As an angler first when I started boating, I’ve been a little slow to the “shade game” on my vessels as it was never a priority. Since having kids (the main reason), doing extended desert floats, and multi-day trips where fishing isn’t really part of the equation, I’ve become a little softer in my old age and really enjoy whole days sitting under one of the most unrated commodities on a river trip — shade.
I’ve had a few raft umbrellas over the years and they are fine. The problem is they have to be constantly adjusted and typically only cover one person if that. I’ve even used large golf umbrellas in a pinch but whole boat coverage is unheard of unless you’re utilizing a Bimini top.
If not familiar — Wikipedia describes one as, “A Bimini top is an open-front canvas top for the cockpit of a boat, usually supported by a metal frame. Most Bimini’s can be collapsed when not in use, and raised again if shade or shelter from rain is desired. Bimini tops differ from dodgers in that dodgers include protection in front and on the sides, while a Bimini does not. The Bimini is used mostly as protection from the sun; it offers no protection from wind, rain, or spray when moving forward at any speed. The top provides rain protection only if the boat is stationary and there is no wind. It can also be personalized to fit different types of boats and can come in different colors.”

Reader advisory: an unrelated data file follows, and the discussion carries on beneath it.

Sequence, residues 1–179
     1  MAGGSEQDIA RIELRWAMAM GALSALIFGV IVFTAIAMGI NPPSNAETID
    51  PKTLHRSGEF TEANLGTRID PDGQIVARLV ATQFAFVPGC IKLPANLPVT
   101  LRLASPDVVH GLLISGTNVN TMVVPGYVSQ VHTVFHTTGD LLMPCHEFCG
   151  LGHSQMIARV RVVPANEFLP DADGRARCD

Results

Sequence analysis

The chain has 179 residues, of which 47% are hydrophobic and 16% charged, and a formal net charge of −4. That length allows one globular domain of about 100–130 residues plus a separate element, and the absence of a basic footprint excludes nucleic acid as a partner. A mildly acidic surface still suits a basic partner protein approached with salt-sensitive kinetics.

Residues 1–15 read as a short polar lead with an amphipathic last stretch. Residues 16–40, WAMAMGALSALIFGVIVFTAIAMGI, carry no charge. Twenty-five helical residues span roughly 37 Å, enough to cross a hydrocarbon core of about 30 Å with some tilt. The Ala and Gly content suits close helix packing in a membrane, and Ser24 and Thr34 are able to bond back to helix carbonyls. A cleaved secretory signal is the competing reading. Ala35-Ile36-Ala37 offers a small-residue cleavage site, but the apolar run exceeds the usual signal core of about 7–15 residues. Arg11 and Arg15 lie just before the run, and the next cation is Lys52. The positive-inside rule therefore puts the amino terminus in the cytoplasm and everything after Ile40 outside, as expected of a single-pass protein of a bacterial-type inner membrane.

This year I custom fit a stainless, Sunbrella material version from River Sombrero to my drift boat of all things. While I was scoffed at and prodded by many of my friends during the process, no one was laughing that first trip when I and my four-year-old chilled in the shade while the 95-degree heat beat down on everyone else. I felt like a genius.
The best part about a Bimini? It’s retractable and can be laid down in mere seconds for wind or weather and is incredibly easy to detach from the boat when not in use. Heck, with mine up a skilled angler in the bow position can still fish.
I was going to go through the ins and outs of a Bimini choices, set up, and mounting options but Eddyline Welding has done a much better job for me here.
So next time you’re out sweating buckets on your mid-summer float, consider a Bimini, even if you’re just pulling it up for lunch.